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thereon of domestic animals of the most improved kind, some of which she has annually sent up for exhibition in the Smithfield Club's Annual Shows, in Goswellstreet, and there obtained several Prizes of Plates (of which Institution she was the Patroness.) A cow and three sheep were in progress of fattening at Belvoir, for the Show, which commences on Friday next; and it was a particular request of her Grace, in her short and fatal illness, that these animals should be sent up to the Club's Show, as a last testimony of her regard for this very useful Institution; and, as such, these fine animals cannot fail, we think, of attracting a sympathizing attention.
The mere anecdote is very creditable to the late Duchess, but the sentimental thought that the fine animals, the prize cow, and three fat sheep, would attract a sympathizing attention, is of irresistible absurdity. Had the fat sheep been made mutton of, this same scribe would doubtless have talked of their exciting sympathizing appetites, and attracting sympathizing carving-knives.
Came home very melancholy from Drury Lane, where I had the misfortune to see Mr. Harley play Little Acres in the Rivals. The million like this performer, and say that he is droll. I cannot discover a single merit in him ; there seems to me to be nothing but flippancy and a sort of grimace, which ought properly to appear through a horse-collar. The after-piece was the Wager, a sad dull thing, with one practical joke, a man in a box. It has made me very sleepy, the pleasantest consequence of play-going.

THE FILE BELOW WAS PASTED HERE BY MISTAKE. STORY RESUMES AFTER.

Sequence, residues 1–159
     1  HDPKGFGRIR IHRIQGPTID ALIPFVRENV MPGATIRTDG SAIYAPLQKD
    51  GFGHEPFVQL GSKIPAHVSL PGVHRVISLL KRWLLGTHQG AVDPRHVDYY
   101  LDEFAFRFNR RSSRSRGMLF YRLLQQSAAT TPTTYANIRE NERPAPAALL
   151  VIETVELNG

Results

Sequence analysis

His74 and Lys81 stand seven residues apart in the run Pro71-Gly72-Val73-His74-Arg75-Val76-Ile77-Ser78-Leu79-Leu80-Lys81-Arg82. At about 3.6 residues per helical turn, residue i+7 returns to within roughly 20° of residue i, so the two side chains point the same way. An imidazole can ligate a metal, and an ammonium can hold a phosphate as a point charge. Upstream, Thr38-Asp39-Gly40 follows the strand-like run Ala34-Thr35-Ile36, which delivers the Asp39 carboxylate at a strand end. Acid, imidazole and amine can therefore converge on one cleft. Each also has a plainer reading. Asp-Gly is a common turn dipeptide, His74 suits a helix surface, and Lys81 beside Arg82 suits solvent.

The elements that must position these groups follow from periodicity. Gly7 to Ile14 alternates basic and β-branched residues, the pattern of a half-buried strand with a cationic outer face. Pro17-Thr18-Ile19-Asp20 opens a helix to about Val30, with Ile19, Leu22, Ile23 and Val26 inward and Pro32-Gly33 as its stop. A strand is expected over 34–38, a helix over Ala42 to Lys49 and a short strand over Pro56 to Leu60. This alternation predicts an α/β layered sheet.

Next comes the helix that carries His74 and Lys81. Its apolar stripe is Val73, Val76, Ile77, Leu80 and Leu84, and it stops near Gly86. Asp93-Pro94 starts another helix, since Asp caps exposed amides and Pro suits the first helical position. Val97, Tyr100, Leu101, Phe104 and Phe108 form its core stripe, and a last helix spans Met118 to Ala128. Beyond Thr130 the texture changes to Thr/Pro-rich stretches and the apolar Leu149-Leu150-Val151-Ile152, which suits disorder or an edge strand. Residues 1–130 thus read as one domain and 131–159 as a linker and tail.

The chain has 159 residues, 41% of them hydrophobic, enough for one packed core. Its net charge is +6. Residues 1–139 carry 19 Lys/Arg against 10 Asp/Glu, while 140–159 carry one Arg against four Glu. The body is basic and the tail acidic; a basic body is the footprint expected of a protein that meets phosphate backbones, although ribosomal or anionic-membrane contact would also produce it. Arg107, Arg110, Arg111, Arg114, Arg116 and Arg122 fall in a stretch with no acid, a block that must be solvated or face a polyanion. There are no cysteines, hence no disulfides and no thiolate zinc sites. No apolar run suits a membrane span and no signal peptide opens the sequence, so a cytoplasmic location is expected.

15th.-The Morning Chronicle is never weary of writing about Matilda. There is a paragraph about Matilda regularly every day. To-day it says, “ The Tale of Matilda,' lately published by a Noble Lord, excites redoubled interest, since it is suspected to derive its origin from a real occurrence in fashionable life.”
A Doctor Carnagie has written a letter about Wimborne school, in which this passage appears :
“ The publication of the Lord Chancellor's letter to Mr. Mayo, and that gentleman's reply, I can confidently assert, was made without the consent or knowledge of Mr. Mayo, from a copy sent to his relations at Bath, with a view to their private gratification, but without the most distant idea of being made public.” The Doctor must himself have been brought up at a free grammar-school I should imagine, for very free he makes with grammar. The copy was sent without the most distant idea of being made public! Bravo Doctor!
16th.-" The object of Mr. Campbell's late hasty visit to the Continent, we understand, was to make some researches connected with his poetical studies, which, having accomplished, it is his intention immediately to resume his Essays on Poetry in the New Monthly Magazine." Colburn in The Neio Times.
I always thought Campbell's ideas on poetry very far-fetched.